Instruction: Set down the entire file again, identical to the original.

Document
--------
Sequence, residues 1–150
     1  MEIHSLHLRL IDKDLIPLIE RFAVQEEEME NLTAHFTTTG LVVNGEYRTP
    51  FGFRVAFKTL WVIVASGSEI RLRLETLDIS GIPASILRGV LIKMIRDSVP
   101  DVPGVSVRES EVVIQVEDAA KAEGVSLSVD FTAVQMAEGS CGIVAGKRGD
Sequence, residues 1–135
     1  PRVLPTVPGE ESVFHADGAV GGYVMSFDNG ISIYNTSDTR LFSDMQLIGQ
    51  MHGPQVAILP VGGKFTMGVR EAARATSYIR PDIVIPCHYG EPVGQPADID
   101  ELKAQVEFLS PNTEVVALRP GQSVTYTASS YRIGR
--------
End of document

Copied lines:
Sequence, residues 1–150
     1  MEIHSLHLRL IDKDLIPLIE RFAVQEEEME NLTAHFTTTG LVVNGEYRTP
    51  FGFRVAFKTL WVIVASGSEI RLRLETLDIS GIPASILRGV LIKMIRDSVP
   101  DVPGVSVRES EVVIQVEDAA KAEGVSLSVD FTAVQMAEGS CGIVAGKRGD
Sequence, residues 1–135
     1  PRVLPTVPGE ESVFHADGAV GGYVMSFDNG ISIYNTSDTR LFSDMQLIGQ
    51  MHGPQVAILP VGGKFTMGVR EAARATSYIR PDIVIPCHYG EPVGQPADID
   101  ELKAQVEFLS PNTEVVALRP GQSVTYTASS YRIGR